A “keystone” sits at the top of an arch and holds all the other stones in place. Unlike the more familiar “capstone course”—which takes its name from the stone at the top of a wall—a Keystone Course represents both a pinnacle and a passage. A Keystone Course is a transformational learning experience representing both the culmination of law school learning and a transition to law practice and a lifetime of self-directed learning.
In the Keystone Program, we are identifying and creating courses to be taken in the final year of law school that will add value relative to both traditional doctrinal courses and the first years of law practice. Keystone Courses build on and integrate previous law school learning in doctrinal and skills courses. Keystone Courses require students to take active responsibility as professionals addressing real-world challenges and to produce substantial, concrete products reflecting their learning. They also subject students to cycles of reinforcement and evaluation, including self-evaluation. A Keystone Course will serve simultaneously as the culmination of law school learning and as a transition to a lifetime of more self-directed learning.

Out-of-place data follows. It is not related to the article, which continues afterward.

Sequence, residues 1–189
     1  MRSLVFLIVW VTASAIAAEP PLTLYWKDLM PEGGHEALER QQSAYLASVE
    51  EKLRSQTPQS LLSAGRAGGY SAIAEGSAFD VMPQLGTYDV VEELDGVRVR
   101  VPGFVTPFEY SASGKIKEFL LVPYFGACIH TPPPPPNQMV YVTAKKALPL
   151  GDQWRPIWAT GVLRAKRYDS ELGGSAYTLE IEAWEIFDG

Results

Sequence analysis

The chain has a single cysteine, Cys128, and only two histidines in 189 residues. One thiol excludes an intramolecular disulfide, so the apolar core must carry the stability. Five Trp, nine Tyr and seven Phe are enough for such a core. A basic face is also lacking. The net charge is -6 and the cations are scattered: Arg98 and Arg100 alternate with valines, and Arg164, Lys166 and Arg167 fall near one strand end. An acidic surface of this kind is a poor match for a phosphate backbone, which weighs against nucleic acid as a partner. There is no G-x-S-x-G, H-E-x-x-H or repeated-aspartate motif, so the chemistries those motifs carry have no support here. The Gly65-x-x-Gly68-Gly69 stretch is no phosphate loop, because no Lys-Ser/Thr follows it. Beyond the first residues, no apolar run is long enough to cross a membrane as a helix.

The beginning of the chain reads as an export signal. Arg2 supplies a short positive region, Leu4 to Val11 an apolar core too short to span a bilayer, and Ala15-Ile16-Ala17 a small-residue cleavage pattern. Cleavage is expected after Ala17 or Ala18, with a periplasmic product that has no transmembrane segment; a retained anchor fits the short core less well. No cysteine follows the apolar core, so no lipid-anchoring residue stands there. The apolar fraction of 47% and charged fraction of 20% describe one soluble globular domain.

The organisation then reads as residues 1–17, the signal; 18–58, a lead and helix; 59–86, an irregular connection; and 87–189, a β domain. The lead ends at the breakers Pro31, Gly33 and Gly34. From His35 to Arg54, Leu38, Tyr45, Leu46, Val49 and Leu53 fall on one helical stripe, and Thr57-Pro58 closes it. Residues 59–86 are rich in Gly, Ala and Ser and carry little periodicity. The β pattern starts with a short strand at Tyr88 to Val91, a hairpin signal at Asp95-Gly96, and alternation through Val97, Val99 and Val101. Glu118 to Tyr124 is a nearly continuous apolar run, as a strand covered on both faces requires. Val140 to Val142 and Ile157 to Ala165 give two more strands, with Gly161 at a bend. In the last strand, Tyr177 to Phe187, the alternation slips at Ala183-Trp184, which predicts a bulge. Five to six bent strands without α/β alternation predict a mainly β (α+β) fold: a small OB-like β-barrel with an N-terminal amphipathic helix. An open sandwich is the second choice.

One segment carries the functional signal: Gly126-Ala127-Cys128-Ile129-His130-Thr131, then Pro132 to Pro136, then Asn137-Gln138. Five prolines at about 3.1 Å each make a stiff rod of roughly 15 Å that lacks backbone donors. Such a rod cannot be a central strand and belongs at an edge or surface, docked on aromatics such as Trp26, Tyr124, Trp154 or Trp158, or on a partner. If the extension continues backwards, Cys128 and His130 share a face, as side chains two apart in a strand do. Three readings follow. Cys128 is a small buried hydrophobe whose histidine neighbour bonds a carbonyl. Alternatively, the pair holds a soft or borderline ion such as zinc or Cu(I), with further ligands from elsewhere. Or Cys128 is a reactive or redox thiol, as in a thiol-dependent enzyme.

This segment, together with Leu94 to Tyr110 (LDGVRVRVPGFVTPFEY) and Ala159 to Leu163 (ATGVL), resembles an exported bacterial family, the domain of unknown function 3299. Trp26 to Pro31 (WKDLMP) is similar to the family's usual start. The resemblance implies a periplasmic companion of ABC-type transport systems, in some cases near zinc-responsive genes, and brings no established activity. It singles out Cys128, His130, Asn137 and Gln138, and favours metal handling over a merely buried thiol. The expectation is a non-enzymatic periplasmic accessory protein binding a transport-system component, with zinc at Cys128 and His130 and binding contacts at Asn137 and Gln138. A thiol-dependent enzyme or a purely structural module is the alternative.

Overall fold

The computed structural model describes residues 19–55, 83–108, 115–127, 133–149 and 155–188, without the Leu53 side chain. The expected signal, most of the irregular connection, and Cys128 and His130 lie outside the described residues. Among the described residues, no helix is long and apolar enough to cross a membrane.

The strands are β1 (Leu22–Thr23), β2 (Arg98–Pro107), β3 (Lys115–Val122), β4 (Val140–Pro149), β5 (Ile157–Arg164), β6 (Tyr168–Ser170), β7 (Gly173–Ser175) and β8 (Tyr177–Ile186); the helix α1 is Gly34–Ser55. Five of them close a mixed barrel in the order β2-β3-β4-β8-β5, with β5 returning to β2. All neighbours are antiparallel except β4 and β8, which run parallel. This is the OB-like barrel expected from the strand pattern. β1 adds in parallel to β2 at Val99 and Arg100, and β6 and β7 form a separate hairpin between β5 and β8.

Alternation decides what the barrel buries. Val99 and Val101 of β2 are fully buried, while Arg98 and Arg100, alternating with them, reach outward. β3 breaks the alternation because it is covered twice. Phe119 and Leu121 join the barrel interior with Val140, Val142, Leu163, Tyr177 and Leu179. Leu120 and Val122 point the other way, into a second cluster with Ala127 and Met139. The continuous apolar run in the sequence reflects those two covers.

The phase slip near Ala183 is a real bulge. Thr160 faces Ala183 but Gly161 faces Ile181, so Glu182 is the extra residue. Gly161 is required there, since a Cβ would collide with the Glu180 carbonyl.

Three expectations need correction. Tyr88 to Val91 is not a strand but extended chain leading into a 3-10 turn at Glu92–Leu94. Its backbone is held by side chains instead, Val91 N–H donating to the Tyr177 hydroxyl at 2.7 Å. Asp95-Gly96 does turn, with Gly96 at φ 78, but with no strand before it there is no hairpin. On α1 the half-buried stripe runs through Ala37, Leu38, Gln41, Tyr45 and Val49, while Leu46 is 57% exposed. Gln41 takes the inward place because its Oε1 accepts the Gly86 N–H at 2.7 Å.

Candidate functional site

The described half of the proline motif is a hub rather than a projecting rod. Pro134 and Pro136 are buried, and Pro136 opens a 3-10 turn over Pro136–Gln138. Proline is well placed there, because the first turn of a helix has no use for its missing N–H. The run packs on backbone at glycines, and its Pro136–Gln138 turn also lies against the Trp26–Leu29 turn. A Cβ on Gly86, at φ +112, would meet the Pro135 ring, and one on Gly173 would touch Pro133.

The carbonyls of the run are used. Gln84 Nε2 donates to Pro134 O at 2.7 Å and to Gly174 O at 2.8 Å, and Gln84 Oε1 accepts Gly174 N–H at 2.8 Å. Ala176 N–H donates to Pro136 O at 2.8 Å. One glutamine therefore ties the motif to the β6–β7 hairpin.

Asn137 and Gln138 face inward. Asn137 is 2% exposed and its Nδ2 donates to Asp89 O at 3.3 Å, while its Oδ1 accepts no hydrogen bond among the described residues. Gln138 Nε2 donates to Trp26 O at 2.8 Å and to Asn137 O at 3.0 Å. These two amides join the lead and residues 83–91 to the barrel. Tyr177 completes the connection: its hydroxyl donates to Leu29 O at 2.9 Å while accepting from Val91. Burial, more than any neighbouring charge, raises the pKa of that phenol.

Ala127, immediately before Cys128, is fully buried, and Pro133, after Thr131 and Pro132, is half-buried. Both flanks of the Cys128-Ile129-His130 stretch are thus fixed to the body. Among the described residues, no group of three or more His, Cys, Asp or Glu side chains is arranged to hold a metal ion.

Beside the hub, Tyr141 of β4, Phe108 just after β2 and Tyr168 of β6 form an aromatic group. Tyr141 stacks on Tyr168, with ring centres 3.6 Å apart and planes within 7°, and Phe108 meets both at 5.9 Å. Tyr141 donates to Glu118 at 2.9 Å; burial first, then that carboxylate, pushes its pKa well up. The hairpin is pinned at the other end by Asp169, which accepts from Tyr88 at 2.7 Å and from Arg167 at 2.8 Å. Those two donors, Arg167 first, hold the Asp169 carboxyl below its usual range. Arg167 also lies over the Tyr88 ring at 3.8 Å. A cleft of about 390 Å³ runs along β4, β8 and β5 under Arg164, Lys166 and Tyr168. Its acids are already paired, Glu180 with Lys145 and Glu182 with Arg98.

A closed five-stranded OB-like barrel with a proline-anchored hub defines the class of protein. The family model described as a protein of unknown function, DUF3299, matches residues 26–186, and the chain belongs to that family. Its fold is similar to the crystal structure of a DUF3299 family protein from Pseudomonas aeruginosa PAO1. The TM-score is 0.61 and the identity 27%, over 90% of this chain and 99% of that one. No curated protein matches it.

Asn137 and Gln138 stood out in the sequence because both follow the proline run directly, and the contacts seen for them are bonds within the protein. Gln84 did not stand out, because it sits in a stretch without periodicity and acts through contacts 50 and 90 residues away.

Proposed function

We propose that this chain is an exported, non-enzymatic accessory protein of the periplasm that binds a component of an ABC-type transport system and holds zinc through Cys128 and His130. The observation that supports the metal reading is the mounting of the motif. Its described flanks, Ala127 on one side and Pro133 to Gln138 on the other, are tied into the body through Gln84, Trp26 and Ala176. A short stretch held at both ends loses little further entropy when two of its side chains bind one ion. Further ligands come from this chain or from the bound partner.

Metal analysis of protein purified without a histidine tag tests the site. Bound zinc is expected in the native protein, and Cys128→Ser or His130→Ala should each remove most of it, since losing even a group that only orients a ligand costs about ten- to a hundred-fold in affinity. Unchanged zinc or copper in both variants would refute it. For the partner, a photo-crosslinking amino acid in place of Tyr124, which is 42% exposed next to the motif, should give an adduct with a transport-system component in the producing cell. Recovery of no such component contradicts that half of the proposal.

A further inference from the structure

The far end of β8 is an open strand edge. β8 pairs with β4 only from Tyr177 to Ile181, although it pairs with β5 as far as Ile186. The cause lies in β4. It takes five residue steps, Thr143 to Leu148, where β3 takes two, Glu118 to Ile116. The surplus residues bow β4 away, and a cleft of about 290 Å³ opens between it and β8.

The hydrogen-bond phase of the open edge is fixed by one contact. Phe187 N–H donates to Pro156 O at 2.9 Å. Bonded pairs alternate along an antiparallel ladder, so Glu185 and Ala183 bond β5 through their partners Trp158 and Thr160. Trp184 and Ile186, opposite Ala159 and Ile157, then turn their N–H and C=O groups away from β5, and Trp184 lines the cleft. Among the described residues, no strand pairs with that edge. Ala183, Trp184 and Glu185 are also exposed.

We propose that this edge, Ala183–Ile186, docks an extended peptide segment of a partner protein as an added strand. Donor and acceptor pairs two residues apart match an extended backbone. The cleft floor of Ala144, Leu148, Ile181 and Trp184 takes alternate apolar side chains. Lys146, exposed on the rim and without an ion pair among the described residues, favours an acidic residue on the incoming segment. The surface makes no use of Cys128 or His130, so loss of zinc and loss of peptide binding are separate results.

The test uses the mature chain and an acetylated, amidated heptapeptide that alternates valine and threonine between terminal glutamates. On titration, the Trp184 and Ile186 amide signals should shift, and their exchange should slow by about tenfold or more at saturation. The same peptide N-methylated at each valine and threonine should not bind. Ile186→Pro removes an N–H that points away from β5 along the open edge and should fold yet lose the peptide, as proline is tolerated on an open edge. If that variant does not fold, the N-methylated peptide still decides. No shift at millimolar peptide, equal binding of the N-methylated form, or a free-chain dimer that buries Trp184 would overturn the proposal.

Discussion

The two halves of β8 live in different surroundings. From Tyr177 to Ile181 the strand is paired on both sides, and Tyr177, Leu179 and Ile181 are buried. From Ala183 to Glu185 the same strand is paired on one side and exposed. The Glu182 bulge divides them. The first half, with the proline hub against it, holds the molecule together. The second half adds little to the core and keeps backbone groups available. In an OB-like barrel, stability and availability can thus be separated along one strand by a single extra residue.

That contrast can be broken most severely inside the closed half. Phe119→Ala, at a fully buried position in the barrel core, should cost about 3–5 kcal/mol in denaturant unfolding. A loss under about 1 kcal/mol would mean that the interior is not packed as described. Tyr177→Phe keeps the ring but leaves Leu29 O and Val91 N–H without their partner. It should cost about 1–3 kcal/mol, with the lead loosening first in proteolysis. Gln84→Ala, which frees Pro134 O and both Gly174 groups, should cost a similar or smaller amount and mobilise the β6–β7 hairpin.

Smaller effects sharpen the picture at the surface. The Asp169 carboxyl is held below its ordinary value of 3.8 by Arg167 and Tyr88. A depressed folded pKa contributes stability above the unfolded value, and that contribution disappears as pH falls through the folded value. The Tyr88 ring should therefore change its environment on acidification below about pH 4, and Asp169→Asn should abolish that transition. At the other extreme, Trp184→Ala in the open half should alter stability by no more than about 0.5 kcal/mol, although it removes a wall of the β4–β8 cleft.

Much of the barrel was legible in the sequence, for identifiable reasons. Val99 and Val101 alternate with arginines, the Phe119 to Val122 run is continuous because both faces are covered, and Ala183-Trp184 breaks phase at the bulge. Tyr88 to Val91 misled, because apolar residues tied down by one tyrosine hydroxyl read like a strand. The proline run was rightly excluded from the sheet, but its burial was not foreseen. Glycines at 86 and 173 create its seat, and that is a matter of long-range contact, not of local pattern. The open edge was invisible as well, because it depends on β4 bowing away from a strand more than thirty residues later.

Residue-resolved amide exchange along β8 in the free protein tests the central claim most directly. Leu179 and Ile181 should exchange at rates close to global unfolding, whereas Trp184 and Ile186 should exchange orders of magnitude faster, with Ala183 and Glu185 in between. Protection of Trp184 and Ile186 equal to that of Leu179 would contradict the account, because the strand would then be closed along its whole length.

Some of the courses that are part of the Keystone Program have been in the William Mitchell curriculum for many years, such as the Legal Practicum. Others, like Business Buy/Sell Transaction Simulation , are new this semester. As the Keystone Program develops, William Mitchell plans to add more Keystone courses, providing students with the opportunity to explore a wide array of real-world legal challenges.
Keystone courses will be designated as such on student transcripts.
Keystone Course Descriptions
- Business Buy/Sell Transaction Simulation
- Comparative Law:
Lawyers–Opponents of Democracy?
- Elder Justice & Policy
- Law and Business: Mergers and Acquisitions
- Legal Practicum
- Legal Practicum: Business Practice
- The Practice of Theory: A Critical Theory Seminar for Clinic Students